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Judges say abortions must go on

Texas Gov. Greg Abbott holds an order limiting travel from other states on Sunday. Associated Press/Photo by Tom Fox/The Dallas Morning News

Judges say abortions must go on

Healthcare providers across the country have postponed elective surgeries during the COVID-19 outbreak, but courts are telling states they cannot require abortionists to do the same. Several governors have ordered a halt to nonessential medical procedures, including abortion, but federal judges in Alabama, Ohio, and Texas rolled back the measures on Monday. Judges are expected to rule soon in similar cases in Iowa and Oklahoma.

Why are courts protecting abortion in a pandemic? U.S. District Judge Lee Yeakel in Texas said the governor’s order violated the due process clause of the 14th Amendment to the U.S. Constitution, which involves the “right to privacy” the U.S. Supreme Court established in its 1973 Roe v. Wade decision. Only the Supreme Court could decide whether a national health emergency could temporarily suspend that right, the judge said. In Ohio, U.S. District Judge Michael Barrett instructed abortionists to determine on a case-by-case basis whether delaying an abortion could save resources such as personal protective equipment needed to fight the coronavirus.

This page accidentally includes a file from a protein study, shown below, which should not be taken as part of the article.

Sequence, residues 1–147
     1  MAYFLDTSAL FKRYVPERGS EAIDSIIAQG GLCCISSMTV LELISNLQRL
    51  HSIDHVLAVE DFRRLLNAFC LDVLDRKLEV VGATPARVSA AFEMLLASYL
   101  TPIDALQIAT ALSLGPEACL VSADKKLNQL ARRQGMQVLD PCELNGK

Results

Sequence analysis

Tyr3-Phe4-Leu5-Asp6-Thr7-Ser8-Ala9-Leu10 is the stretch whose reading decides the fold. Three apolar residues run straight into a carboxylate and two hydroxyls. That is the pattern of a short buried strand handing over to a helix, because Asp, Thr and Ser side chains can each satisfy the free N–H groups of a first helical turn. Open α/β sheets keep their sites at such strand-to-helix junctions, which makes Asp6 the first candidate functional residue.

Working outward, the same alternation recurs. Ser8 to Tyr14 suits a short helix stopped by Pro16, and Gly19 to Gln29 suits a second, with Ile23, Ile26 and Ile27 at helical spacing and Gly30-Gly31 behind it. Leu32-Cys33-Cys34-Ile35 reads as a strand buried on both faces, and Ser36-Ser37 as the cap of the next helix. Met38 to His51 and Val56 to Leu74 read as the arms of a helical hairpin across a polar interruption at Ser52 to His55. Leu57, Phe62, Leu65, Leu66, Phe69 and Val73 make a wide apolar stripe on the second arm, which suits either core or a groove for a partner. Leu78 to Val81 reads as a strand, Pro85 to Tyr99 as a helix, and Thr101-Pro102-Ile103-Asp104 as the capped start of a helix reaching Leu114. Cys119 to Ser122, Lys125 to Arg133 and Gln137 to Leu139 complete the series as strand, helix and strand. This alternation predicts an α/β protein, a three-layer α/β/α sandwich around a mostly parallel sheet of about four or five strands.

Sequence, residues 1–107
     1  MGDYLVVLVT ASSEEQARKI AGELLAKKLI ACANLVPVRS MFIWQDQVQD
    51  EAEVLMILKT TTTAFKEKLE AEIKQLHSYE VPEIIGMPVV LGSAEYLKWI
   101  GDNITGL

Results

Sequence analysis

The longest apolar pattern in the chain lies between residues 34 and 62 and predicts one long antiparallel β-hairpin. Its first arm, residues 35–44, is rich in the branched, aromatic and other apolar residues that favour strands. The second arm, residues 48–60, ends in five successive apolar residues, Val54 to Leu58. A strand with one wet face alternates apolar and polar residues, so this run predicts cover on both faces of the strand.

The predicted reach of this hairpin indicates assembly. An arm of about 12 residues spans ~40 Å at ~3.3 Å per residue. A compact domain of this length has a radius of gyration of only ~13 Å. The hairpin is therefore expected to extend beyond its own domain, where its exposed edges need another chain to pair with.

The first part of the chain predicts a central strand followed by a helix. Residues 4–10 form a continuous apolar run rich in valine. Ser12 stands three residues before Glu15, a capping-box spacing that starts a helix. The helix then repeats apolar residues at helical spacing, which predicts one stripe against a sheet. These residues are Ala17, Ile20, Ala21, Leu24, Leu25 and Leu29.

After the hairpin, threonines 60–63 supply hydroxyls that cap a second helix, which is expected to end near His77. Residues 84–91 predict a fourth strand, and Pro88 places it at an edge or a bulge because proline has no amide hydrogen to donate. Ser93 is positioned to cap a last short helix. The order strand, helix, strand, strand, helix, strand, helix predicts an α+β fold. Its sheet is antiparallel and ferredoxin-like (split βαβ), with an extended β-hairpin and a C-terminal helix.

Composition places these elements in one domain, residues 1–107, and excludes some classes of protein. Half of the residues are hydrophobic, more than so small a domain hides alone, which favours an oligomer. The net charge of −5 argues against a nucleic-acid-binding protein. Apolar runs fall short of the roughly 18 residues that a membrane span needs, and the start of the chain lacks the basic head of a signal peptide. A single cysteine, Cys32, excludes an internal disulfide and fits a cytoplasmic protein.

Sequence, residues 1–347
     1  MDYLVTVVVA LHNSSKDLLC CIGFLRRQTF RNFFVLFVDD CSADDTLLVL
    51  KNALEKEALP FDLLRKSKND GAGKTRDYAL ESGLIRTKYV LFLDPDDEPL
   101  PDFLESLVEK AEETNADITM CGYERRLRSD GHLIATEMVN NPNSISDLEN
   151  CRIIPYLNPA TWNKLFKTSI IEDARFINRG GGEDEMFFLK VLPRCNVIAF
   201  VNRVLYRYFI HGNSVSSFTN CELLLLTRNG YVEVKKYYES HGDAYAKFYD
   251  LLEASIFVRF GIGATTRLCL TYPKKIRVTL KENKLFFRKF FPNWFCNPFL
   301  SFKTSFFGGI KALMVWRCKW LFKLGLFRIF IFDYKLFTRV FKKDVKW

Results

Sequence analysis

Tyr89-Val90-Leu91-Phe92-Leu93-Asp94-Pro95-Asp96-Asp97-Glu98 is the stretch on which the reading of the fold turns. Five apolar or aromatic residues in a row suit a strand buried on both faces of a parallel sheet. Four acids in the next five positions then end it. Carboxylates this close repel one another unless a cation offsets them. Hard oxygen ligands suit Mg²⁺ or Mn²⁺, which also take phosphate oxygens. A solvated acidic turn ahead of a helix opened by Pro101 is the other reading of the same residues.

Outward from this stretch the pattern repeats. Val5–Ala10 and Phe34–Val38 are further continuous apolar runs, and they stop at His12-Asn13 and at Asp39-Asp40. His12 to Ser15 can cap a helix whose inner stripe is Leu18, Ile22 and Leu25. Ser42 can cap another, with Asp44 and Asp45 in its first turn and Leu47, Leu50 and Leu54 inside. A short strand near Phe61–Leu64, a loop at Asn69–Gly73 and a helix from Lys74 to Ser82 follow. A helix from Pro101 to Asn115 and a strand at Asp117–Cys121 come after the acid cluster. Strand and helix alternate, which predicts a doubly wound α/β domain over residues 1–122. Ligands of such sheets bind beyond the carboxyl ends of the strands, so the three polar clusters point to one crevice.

Dig deeper: Read Leah Hickman’s report in Vitals about how states are regulating abortion facilities during the pandemic.

Editor’s note: WORLD has updated this report since its initial posting

Lynde Langdon

Lynde is editor of WORLD Digital. She is a graduate of World Journalism Institute, the Missouri School of Journalism, and the University of Missouri–St. Louis. Lynde resides with her family in Wichita, Kan.



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